Dialogue by Countee Cullen
In sun and rain and leafy trees
It wafts the timid soul along
On crested waves of melodies.
Body: But leaves the body bare to feed
Its hunger with its very need.
Soul: Although the frenzied belly writhes,
Yet render up in song your tithes;
Song is the weakling's oaken rod,
His Jacob's ladder dropped from God.
Body: Song is not drink; song is not meat,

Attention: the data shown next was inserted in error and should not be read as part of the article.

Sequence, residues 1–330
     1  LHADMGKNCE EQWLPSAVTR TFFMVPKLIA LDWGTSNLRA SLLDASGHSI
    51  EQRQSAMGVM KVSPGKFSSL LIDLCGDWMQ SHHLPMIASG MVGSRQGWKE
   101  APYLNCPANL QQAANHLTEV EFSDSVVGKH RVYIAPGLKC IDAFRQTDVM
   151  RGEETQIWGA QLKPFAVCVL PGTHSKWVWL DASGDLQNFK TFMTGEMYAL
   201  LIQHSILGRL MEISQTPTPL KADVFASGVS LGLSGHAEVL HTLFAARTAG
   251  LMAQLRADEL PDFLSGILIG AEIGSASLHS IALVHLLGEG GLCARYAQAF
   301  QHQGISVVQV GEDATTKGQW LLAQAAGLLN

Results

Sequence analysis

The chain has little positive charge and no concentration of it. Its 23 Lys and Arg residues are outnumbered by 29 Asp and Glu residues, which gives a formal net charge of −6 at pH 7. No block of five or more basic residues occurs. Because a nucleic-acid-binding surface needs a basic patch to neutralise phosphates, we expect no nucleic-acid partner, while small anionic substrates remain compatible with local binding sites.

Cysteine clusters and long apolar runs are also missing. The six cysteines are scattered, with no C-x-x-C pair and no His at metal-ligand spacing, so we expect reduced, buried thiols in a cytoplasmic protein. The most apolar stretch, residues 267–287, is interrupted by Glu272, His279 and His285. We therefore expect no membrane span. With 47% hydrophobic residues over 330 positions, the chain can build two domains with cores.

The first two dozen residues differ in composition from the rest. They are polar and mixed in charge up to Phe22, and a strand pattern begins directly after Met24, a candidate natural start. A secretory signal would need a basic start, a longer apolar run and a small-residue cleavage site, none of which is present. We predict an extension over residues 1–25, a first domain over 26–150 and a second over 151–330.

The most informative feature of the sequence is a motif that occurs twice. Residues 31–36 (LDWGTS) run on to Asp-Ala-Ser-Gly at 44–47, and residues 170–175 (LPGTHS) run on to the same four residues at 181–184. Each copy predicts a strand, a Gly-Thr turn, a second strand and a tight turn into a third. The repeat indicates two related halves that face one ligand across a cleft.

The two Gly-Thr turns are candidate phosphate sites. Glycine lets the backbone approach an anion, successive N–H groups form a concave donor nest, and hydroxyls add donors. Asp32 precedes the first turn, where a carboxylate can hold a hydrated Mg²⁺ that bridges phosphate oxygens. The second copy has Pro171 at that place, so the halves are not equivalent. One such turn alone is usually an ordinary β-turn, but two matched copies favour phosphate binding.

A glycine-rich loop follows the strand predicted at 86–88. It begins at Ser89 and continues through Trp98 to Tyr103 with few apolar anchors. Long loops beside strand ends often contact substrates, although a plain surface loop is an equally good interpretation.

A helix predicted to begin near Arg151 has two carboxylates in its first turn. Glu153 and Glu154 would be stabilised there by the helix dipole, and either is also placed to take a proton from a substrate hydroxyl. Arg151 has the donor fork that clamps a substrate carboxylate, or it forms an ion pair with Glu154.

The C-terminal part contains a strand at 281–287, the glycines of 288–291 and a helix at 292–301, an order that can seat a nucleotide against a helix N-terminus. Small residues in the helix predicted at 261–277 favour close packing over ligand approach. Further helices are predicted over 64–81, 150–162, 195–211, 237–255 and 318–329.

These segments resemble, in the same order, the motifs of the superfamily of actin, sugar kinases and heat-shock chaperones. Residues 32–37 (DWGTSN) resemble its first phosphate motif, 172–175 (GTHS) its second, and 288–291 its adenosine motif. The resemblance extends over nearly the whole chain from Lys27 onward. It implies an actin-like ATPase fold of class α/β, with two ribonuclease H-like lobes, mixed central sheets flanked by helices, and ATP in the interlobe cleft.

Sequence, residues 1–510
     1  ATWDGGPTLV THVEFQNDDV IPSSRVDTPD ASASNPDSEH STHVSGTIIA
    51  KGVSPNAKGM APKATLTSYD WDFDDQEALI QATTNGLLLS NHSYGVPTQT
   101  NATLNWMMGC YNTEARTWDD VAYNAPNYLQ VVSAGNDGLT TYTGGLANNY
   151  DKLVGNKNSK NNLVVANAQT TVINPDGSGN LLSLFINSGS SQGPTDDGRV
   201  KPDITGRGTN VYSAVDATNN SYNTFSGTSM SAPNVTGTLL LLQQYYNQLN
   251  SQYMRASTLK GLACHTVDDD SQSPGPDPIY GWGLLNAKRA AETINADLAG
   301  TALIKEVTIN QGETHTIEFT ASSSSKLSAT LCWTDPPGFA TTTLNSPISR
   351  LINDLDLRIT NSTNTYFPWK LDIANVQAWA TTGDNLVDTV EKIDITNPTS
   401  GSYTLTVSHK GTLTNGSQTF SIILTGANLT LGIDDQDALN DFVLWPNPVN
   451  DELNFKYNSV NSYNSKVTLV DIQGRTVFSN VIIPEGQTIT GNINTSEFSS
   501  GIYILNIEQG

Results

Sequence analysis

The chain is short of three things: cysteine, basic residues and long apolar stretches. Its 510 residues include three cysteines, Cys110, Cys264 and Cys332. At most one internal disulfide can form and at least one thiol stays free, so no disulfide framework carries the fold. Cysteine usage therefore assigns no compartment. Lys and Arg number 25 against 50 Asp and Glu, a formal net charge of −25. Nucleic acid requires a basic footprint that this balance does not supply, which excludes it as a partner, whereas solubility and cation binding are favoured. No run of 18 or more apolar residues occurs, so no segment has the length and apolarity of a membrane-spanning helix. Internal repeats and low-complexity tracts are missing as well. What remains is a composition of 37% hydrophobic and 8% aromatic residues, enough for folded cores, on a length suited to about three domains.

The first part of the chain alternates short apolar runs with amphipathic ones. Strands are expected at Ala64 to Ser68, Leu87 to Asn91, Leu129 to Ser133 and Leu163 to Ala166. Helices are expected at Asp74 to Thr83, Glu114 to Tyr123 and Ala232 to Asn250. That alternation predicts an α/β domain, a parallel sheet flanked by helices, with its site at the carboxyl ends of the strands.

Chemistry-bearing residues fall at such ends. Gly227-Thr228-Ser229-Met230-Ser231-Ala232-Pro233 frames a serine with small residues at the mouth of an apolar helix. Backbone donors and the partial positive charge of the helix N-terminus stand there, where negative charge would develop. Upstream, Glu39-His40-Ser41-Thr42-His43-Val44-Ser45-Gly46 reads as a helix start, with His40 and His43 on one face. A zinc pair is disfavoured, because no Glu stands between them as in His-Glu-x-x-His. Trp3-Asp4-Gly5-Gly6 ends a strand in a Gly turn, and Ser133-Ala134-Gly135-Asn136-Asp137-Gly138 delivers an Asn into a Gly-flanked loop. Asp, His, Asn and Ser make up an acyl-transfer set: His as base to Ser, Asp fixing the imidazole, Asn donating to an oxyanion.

Nor strong, thick shoes for naked feet.
Soul: Who sings by unseen hands is fed
With honeyed milk and warm, white bread;
His ways in pastures green are led,
And perfumed oil illumes his head;
His cup with wine is surfeited,
And when the last low note is read,
He sings among the lipless dead
With singing stars to crown his head.
Body: But will song buy a wooden box
The length of me from toe to crown,
To keep me safe from carrion flocks
When singing's done and lyre laid down?